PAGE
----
When you put on your boots, no matter if you’re playing in the Salto field, in the green grass of Napoli or in front of millions of people in a World Cup … I want to remind you of your father’s words. 
What does it always tell you, every time you go to play a game? 
I know that you know it. 
He says: “The moment you cross the line of lime and enter the field, it’s just football. Nothing that happens outside that line will help you with what goes on inside. Nothing else exists. “
If you listen to those words and really believe in the spirit of what they say, then, even if the pressure is immense, even if you are playing in front of millions of people … you will go out on the court and you will feel like you are playing barefoot. 
You will feel the mud stuck on the soles of your feet.
You will feel your heart beating and you will run looking for the ball, as if it were the biggest trophy in the world. As if you were playing for ice cream. 

Yesterdays game was a very big deal for the people of Uruguay. Cavani scored both goals for Uruguay, beating Portugal and advancing to the final 8. Guess he got his ice cream.

Uruguay Playing in the World Cup

It is big deal for Uruguay to be playing in the World Cup again. For such a small country of less than 3.5 million people they have qualified and participated in 12 of the 20 World Cups. They won twice and came in 4th on three different occasions the last in 2010.  Again, this is a huge accomplishment from a country with a population of under 3.5 million people.

Everyone in this country is excited about qualifying again for this years World Cup. It is being held in Russia in a few short weeks.

While Joe and I were out shopping we took the opportunity to get in the spirit.

Feria One Block from the House

Every Thursday afternoon there is a feria (farmers market) set up one block from our house. It has seafood, cheese, meats, sausages, clothes, shoes, plants, cleaning supplies, garden items, you name it and it will likely be found on a table, or under a canopy or in a trailer.  I know that in Montevideo the residents of the street receive a tax incentive for having the farmers market in front of their homes each week and that it is a three-year commitment allowing the mercado to be on your street.

They sell grains and beans in quantity, plus all different types of herbs and spices.  Some places sell medicinal herbs as well.This stand had honey and home canned veggie mixes.Not a great deal of fruit this time of year.  But they did have three varieties of apples, bananas, pears, juice and eating oranges and plums.  One stand had beautiful strawberries but there were just too many people.These trailers have chilled display cases with cheeses, salami and other cold cut meats, they also have several varieties of olives.This market does not get totally set up until around 3pm. By 4pm it was packed with people. This week the variety of warm clothing was unbelievable – coats, hats, scarves, gloves, you name it and it was at the market.  Joe and I bought heavy wool socks and gloves along with some fruits and veggies for the week.  We also bought a variety pack of sweets, cookies and alfahores. It came out to 10 pesos a piece.  Not bad since we cut everything in half and share.Another trailer with cheese, salami and cold cuts. This one sells pet supplies. Makeup and nail polish anyone? I wanted all three of these cast iron pots.  Not exactly sure what to do with the one with legs… Now for all you Yerba Mate drinkers…I bought a dozen or so of the pansies.  Hopefully this afternoon I will get them into the planter on the front porch. Next time Joe requested that I take close up pictures so you could see the actual items and cost.  Hope you enjoyed the tour of our Thursday market. Joe also said the best part was eating the torta fritas that reminded him of hojaldras in Panama.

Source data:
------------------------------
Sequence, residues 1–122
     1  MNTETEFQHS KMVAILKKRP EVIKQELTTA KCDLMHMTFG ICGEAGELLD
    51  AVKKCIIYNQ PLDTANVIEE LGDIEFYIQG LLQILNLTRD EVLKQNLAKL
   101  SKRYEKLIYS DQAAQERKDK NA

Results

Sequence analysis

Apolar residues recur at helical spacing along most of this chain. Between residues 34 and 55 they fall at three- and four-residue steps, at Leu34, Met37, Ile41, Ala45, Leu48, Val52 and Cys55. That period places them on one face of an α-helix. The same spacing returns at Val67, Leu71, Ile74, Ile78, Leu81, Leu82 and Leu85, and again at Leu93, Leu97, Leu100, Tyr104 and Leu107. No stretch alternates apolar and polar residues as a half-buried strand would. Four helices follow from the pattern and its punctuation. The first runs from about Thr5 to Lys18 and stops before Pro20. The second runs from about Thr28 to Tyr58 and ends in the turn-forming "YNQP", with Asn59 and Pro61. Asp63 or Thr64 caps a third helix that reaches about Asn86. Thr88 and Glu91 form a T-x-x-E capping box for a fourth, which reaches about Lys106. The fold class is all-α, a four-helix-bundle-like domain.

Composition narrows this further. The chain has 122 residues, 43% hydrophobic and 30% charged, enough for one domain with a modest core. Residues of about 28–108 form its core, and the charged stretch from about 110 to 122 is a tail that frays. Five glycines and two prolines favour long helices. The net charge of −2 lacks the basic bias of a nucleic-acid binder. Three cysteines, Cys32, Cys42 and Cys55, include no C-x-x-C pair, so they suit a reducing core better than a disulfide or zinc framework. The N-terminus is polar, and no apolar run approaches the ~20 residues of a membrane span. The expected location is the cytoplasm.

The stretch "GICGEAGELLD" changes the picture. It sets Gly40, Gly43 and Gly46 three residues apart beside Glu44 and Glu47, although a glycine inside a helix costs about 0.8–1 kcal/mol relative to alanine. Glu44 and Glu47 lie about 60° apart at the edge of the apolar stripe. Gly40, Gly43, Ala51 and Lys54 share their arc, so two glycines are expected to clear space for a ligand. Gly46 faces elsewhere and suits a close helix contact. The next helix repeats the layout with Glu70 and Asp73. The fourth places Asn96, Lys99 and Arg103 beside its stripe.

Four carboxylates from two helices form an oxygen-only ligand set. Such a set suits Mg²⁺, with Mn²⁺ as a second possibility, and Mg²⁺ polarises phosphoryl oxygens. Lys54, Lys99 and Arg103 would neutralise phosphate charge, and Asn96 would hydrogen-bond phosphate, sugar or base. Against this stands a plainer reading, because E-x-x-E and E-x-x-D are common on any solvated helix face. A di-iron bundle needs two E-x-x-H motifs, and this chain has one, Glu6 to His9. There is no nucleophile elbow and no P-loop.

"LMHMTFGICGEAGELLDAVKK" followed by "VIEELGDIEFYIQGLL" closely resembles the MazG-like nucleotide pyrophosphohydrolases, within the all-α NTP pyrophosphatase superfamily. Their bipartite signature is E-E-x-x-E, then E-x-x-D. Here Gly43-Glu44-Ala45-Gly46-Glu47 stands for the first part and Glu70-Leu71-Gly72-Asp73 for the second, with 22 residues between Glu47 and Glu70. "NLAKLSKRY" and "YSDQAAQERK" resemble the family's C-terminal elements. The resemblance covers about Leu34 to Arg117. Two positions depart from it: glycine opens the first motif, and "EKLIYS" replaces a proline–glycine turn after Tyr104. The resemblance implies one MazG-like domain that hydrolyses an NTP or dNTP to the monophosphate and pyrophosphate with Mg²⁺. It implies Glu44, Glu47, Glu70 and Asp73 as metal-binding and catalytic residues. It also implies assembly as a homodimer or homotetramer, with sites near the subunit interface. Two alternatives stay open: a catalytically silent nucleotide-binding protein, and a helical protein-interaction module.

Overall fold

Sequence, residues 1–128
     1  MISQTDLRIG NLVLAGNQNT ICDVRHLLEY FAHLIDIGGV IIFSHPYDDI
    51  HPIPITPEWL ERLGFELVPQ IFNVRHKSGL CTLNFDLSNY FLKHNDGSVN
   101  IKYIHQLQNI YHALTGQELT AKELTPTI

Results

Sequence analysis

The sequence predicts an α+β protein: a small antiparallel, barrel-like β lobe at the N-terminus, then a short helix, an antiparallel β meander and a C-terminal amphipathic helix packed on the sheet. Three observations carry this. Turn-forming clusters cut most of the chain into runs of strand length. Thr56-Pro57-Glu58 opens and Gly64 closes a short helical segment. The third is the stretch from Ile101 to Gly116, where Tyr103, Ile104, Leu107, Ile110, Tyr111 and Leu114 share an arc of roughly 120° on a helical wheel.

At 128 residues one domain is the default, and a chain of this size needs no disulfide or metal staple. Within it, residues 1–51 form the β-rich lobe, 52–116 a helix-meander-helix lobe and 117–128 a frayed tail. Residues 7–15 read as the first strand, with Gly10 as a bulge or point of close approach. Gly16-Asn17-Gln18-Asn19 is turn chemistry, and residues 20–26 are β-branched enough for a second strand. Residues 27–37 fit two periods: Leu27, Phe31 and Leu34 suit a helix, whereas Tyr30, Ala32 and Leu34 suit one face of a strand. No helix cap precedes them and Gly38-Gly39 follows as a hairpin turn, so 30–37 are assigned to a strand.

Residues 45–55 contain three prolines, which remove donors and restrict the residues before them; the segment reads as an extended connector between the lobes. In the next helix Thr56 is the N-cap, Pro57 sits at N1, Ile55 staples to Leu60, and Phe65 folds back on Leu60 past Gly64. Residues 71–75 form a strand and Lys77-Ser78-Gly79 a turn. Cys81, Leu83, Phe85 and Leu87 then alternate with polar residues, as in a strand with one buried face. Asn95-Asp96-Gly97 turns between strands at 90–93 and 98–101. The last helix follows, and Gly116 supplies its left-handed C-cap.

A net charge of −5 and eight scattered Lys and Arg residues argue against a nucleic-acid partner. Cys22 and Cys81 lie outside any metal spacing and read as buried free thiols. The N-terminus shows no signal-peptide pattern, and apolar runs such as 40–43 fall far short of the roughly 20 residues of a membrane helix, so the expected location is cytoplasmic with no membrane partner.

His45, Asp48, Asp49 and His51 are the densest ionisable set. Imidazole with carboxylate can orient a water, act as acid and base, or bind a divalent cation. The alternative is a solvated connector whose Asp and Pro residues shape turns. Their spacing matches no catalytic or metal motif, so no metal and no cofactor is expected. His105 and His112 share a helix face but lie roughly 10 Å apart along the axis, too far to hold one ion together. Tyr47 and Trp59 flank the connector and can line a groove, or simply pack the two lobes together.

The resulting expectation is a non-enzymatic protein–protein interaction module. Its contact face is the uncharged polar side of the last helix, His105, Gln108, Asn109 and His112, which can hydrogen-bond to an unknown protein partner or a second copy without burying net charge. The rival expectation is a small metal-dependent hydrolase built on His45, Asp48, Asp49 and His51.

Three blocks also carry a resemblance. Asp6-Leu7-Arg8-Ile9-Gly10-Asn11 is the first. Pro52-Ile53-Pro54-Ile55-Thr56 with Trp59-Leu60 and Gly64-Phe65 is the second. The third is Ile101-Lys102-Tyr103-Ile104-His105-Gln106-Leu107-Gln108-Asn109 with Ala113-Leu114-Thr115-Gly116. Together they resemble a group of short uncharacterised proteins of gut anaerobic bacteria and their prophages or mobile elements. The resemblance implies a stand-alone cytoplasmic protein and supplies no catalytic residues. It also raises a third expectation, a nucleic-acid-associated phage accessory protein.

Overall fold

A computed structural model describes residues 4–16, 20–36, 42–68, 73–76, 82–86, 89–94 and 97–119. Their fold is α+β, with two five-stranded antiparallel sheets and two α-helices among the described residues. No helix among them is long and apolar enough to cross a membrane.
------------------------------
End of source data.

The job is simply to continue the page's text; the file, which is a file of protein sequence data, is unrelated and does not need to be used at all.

Naval Museum



A short walk from the apartment to the rambla we found the Navel Museum.  It was not open the day we walked by so I was able only to get some outside pictures.

What I like about this area is all the parks, playgrounds and open grassy areas for children and families to share. Not much is cordoned off you can bring the kids up onto some of the military equipment and let them have some fun.

Uruguay, well Montevideo in particular, seems to have a great respect for the outdoors. So many parks, so many green spaces, so many benches and playgrounds for everyone to enjoy.  The city fathers thought out the planning of the city to include many places where people can enjoy the outdoors.

Starting the Uruguay Residency Process

Before moving we did a great deal of soul-searching and researching (mostly Joe did a great deal of research on Uruguay while I did the research in getting our documents from the US and we both did the soul-searching) and found blog articles, pictures and much much more on the internet about Uruguay.  It was the same process we had done for previous moves and it has worked well for us.

We decided to use a law firm to handle our residency process as we did in the past.  We feel more comfortable with someone who knows the ins and outs of the migration laws instead of trying to handle it by ourselves or using a facilitator that only does it part-time.  We decided to use the firm Fischer and Schickendantz, and so far it has been an exceptionally good experience.  Dr. Juan Federico Fischer was our first contact and he explained the process, the documents needed and what the firm could and would do for us.  Then he turned us over to his support staff.

Over a 6 month period we gathered the documents needed from the states, submitted them back to the Secretary of State where each document originated and we waited for them to arrive.  It was torture, every one seemed to take longer than normal and we were 2 weeks away from our move date and finally received the last documents we were waiting for.  Helping through this process was EcuaAssist in Manta, Ecuador.  Adriana Rosado was a dream to work with and took away a great deal of the anxiety we were feeling over this paperwork.

Our first appointments for this process went better than expected.  Here in Uruguay you are required to go to a health clinic and receive a Health Card. As part of our check-up we were asked if we had ever had a tetanus shot, well I have but it was over 10 years ago and Joe had never had one, so we both got shots.  Because I have had it before I will need to have two more shots one within a month and one after a year.  Then we are both good for 10 years.  God willing we will live that long.

The photo below is of our attorneys office and the assistant that is working with us on our residency. Magdalene has been a treasure trove of information helping us way beyond her job requirements.  Because we are spending time waiting at appointments she gladly shares all her knowledge about the area.

montevideo-2-1-3We have been to Interpol for our background checks and met with migration at two different offices.  We will be able to pick up our cedulas on Wednesday.

Then we will be off to visit some of the other coast towns north of here. The adventure continues……